A June 3 editorial (“A foolhardy attempt to gut auditor’s office”) explored the concerns of the Office of the State Auditor (OSA) regarding counties’ option to use state or private auditing services, and the potential political overtones. But the editorial failed to give a fair representation of what this discussion is really about: equity among local units of government in Minnesota.
Missing was an explanation of why the OSA thinks a certified public accountant (CPA) firm would be less able to provide a thorough and competent audit of a local government. Taxpayers, counties and legislators from both sides of the aisle have been asking for an explanation of this assertion for years and have never received a straightforward answer.
Specifically, why is it less than transparent and accountable for counties to ask for the ability to choose between using a CPA firm or the OSA for their annual audit, when other local units of government (school districts, townships and most cities) already have this authority? These local units of government also use taxpayer dollars to deliver critical services to constituents, so why are counties singled out as the last remaining governmental entity not permitted the same right?
The editorial made a clear assumption that private CPA firms, who are held to internationally recognized accounting principles and reviewed by the OSA, are not able to hold governments accountable. But if the OSA doesn’t believe private CPA firms are able to offer that transparency to county constituents, then that logic should also push the OSA to lobby to ban CPA firms from auditing other local units of government.
As locally elected leaders directly accountable to constituents, county commissioners know firsthand the important role transparency plays in government. When mistakes or oversights happen, counties are quick to correct and ameliorate any underlying issue. The OSA’s political call for transparency does not supersede counties’ already-existing self-interest to correct and amend any critical findings in an audit, no matter whether those audits are public or private.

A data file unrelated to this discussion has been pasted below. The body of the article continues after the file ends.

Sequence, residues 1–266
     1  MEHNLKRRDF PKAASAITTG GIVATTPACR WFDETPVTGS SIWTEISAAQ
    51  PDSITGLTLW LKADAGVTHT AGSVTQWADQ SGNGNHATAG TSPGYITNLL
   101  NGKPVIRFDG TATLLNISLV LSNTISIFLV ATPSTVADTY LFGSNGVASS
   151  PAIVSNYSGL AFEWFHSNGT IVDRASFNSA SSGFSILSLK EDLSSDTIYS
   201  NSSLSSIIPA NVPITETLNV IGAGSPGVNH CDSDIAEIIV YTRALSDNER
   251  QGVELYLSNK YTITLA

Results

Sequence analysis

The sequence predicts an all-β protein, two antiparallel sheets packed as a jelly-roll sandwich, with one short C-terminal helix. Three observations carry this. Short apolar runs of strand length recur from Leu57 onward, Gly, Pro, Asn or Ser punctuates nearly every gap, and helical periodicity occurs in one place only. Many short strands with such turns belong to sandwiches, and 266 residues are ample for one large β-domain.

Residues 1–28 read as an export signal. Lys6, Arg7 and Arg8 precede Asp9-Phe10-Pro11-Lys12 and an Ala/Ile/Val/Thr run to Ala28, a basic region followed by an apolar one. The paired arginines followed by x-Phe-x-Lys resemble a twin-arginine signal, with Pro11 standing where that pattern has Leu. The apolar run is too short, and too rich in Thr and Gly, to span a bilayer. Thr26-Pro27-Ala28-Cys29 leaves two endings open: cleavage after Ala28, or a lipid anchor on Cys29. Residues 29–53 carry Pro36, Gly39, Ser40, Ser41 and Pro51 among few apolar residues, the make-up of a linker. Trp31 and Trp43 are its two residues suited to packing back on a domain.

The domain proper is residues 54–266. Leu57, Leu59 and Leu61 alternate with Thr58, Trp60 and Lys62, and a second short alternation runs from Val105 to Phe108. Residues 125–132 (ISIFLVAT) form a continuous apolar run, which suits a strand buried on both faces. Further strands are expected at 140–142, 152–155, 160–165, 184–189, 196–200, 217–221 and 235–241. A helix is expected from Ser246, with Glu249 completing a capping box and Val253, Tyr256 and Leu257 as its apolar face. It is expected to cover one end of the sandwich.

While it is clear that the OSA has chosen to label this desire for equity as an attack against transparency and accountability, counties would argue the opposite. For the past decade, the Association of Minnesota Counties has held the belief that all local units of government should be treated the same way during the annual auditing process. Counties have reached out to the OSA on several occasions to protest this clear inequity and to voice concerns about rising costs, occasional miscommunication and lack of timely reporting.
While the association played no role in drafting the original legislative language, we choose to come forward now in an attempt to redirect this conversation from political banter to sound policy debate, centered on fairness, quality and accountability.
Counties firmly believe that the state auditor has a critically important job of ensuring that taxpayer dollars are well spent and accounted for. Counties respect the state auditor’s role and find the office a great resource for managing the countless new mandates, rules and authorities to which counties must adapt after each legislative session.
There should not be an assumption that a choice between being audited by the OSA and private CPA firms would mean a loss of business for the OSA, especially if the OSA offers a timely and cost-effective audit. In fact, many counties state that they will continue to use the office even if provided a choice. However, they reiterate their desire for fair treatment of all local units of government.
What this debate boils down to is fairness. Is it fair to require Minnesota county taxpayers to foot the bill for a service that is already not required for all other local units of government in Minnesota?
Christopher N. Shoff is a Freeborn County commissioner and the 2015 president of the Association of Minnesota Counties.